Taking back the reins
… fixing our eyes on Jesus, the author and perfecter of faith, who for the joy set before Him endured the cross, despising the shame, and has sat down at the right hand of the throne of God. – Hebrews 12:2 (NASB)
Jesus has many titles. Among them are Savior, Son of God, Son of Man, and Redeemer. Those titles which imply rescue are deeply valued by those who recognize their need.
Yet, Jesus is also called author and perfecter. These titles link Jesus as the Son of God to His role as Creator. What is interesting here is the titles are not in relation to physical creation, but the creation and perfection of faith.
The statement in Hebrews is profound. It means that Jesus didn’t just save a person at some point in their past. It means that the saving work was just the beginning point of the ongoing work of Jesus in the believer.
Almost every Christian theology I have studied falls apart in light of this. Why? Because these theologies maintain that Jesus has saved you, but now it’s your turn to work out this salvation. Yes, you were saved by grace, but now you are sanctified by your own will and effort.
So, the individual is led to believe that they must ‘take the reins’ of living the Christian life in order to fulfill what God has called them to. And God has called them to ‘moral living’. It appears in different forms in different denominations, but the end result is the same; the yoke of law is placed squarely on the individual’s shoulders.
Does this sound familiar?
Gerhard Forde described this as the theology of the Old Adam. You see, people want to take responsibility for some aspect of their spirituality growth. They want to be in charge of something. Passivity is bad, activity is good. Yet, that’s not how you received Christ. And Paul writes, ‘Just as you received Christ Jesus the Lord, so walk in Him’ (Colossians 2:6).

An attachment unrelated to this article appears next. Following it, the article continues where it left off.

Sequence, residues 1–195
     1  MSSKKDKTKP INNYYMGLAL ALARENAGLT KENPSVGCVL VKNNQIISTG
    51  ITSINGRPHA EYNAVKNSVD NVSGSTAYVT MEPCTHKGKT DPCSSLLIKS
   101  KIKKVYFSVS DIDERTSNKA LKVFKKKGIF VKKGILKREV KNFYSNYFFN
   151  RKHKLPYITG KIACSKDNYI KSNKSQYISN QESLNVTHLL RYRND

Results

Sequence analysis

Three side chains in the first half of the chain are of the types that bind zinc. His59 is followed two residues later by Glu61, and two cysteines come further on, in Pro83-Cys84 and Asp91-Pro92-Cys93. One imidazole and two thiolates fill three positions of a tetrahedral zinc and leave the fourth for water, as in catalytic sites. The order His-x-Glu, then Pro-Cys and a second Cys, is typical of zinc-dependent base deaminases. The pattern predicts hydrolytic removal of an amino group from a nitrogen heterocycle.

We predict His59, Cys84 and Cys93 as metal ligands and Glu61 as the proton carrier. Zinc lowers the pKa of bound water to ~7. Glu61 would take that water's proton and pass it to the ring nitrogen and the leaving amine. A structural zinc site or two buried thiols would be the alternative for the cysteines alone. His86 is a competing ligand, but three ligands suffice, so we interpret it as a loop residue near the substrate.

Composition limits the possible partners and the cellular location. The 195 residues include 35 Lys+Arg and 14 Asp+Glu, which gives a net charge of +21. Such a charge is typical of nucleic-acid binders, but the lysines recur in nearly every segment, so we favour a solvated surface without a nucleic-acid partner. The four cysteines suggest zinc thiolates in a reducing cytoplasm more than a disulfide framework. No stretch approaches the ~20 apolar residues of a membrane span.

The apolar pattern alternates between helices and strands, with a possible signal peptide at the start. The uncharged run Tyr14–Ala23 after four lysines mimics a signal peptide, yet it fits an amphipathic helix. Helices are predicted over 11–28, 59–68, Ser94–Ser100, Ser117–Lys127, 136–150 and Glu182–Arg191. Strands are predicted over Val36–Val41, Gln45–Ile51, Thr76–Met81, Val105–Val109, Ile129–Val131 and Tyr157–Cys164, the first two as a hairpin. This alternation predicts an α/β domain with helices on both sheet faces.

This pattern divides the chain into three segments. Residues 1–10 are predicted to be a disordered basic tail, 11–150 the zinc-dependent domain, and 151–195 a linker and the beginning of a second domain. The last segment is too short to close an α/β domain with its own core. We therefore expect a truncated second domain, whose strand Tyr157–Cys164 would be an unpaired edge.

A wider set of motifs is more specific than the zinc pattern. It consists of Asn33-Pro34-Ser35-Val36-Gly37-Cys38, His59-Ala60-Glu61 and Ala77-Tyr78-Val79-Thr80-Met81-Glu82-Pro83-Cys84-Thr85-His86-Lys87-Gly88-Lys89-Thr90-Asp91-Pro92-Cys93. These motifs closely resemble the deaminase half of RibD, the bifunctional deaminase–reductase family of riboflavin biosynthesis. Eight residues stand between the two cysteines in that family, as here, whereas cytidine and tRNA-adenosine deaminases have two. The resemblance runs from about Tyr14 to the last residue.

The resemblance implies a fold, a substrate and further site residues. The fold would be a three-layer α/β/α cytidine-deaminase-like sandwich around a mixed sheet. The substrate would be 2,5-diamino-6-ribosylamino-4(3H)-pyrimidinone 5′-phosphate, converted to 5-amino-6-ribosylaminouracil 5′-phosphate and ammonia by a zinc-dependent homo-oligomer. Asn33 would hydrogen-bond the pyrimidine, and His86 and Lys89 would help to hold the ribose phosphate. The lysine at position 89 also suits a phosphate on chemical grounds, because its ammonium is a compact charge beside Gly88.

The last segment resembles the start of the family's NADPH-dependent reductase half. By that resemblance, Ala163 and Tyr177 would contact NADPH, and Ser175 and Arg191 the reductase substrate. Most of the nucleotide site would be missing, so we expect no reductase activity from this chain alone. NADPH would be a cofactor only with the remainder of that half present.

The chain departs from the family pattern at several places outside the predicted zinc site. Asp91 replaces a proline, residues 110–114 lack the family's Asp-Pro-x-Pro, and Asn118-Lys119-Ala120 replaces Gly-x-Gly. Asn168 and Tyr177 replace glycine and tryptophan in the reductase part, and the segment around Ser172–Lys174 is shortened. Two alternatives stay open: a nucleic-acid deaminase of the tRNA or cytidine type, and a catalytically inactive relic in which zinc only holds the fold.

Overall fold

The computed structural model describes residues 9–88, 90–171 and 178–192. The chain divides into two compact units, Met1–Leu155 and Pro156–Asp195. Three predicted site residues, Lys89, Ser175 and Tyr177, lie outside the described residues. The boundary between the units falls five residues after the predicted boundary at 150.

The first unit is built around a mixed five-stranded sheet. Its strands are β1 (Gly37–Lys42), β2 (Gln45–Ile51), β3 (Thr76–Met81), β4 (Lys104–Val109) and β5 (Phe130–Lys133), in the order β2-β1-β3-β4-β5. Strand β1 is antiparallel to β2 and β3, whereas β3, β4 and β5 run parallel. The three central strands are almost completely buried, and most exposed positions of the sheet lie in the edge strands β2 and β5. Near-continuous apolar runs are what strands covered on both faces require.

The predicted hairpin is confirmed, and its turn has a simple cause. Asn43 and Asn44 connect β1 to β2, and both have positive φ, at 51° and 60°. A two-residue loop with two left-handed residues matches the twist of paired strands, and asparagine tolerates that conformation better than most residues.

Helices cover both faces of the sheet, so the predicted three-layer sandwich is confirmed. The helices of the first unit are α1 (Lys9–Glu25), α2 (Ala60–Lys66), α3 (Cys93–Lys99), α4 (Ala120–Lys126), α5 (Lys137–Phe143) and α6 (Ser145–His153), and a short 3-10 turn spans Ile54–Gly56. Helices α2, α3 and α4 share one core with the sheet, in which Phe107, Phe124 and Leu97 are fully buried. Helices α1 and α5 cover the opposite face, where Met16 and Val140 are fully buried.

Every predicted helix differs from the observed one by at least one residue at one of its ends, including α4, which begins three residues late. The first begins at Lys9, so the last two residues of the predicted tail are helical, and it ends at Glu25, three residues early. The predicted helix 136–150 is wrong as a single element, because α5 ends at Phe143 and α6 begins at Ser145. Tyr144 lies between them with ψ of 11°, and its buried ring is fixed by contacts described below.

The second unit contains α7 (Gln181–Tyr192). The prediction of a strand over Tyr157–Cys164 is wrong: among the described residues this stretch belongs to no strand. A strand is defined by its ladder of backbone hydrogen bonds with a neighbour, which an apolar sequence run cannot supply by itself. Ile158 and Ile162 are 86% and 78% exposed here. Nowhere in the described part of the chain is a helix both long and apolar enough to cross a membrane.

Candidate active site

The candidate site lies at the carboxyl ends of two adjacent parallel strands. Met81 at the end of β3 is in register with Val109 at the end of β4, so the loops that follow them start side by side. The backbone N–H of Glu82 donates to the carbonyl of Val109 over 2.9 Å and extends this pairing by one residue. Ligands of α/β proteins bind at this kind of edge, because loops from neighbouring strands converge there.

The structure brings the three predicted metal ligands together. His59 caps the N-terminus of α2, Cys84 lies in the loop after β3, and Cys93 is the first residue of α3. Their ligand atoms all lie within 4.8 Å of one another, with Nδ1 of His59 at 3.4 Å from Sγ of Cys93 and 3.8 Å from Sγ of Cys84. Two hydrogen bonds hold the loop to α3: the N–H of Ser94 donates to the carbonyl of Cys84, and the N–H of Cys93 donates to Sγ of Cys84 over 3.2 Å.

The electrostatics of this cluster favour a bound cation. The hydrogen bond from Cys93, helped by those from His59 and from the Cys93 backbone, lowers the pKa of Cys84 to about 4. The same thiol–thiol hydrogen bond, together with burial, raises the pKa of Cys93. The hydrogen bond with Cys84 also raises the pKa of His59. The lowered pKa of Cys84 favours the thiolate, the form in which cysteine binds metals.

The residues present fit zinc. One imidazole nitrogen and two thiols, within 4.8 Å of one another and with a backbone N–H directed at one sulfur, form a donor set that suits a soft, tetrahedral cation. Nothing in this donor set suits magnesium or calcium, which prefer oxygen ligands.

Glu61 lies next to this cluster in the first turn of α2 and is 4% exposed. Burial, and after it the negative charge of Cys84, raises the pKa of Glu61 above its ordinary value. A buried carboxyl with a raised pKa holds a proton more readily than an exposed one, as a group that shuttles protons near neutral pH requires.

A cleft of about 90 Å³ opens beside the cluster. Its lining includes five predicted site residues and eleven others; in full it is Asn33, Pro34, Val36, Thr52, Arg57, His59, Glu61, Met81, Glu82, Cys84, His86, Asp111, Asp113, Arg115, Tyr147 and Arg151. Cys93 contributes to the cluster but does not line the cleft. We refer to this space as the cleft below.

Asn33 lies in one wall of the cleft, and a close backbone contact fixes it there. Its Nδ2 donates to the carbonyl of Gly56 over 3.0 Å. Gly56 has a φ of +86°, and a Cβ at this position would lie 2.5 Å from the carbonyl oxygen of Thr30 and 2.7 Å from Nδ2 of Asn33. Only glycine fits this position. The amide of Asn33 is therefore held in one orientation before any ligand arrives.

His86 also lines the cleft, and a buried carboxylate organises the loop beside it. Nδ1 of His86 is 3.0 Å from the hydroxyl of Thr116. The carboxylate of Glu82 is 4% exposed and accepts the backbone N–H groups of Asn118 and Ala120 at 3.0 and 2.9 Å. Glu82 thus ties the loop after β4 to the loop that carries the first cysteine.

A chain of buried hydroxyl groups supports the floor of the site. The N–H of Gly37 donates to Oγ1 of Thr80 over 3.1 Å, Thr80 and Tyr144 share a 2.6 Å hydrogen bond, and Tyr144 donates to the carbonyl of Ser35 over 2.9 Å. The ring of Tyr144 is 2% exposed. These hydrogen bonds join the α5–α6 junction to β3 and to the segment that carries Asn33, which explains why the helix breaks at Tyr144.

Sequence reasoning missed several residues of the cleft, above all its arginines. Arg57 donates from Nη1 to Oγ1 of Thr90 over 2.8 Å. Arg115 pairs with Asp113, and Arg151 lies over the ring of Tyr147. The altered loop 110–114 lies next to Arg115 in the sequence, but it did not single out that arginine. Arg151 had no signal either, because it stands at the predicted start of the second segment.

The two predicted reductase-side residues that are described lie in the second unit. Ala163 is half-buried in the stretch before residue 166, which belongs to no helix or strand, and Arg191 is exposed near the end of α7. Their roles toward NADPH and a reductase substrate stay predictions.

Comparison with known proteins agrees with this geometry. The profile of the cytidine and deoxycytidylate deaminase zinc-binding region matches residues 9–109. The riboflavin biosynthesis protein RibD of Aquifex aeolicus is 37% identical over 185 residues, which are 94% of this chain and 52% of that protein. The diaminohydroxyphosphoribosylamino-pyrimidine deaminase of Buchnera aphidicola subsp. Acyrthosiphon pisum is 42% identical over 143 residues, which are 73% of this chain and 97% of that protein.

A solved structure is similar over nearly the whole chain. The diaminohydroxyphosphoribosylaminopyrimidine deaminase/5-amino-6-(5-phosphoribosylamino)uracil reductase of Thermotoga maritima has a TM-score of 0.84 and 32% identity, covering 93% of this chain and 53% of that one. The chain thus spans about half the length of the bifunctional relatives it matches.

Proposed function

Instead, the Old Adam wants to take back the reins. He wants to be in charge of his own sanctification. He wants to defend that part of himself that can do something.
And, by the way, that theology is a great way to control people. The more moral law you have, the more people act morally. The key word is act. So many believe they are ‘pulling it off’ when they have simply traded in their gross sins (drinking, smoking, and womanizing) for internal sins (self-righteousness based on their ‘good behavior’).
Martin Luther (not King Jr.) wrote that Christ had to die, not just for our sin, not just for our good works, but for our best works! That, even our worship is touched with sin. Where does that lead you? Definitely not to the self. He has removed that safe-haven.
Like Hebrews 12:2, all of this leads you to despair of the self in sanctifying effort. Christ will receive the glory for both your salvation and the perfecting of your faith.
You are God’s problem. Since He was able to rescue you from Sin and Death, then He is more than dependable when is comes to the perfection of your faith. He is faithful to complete the work He has set out to do … in you.
For I am confident of this very thing, that He who began a good work in you will perfect it until the day of Christ Jesus. – Philippians 1:6
Peace and mercy,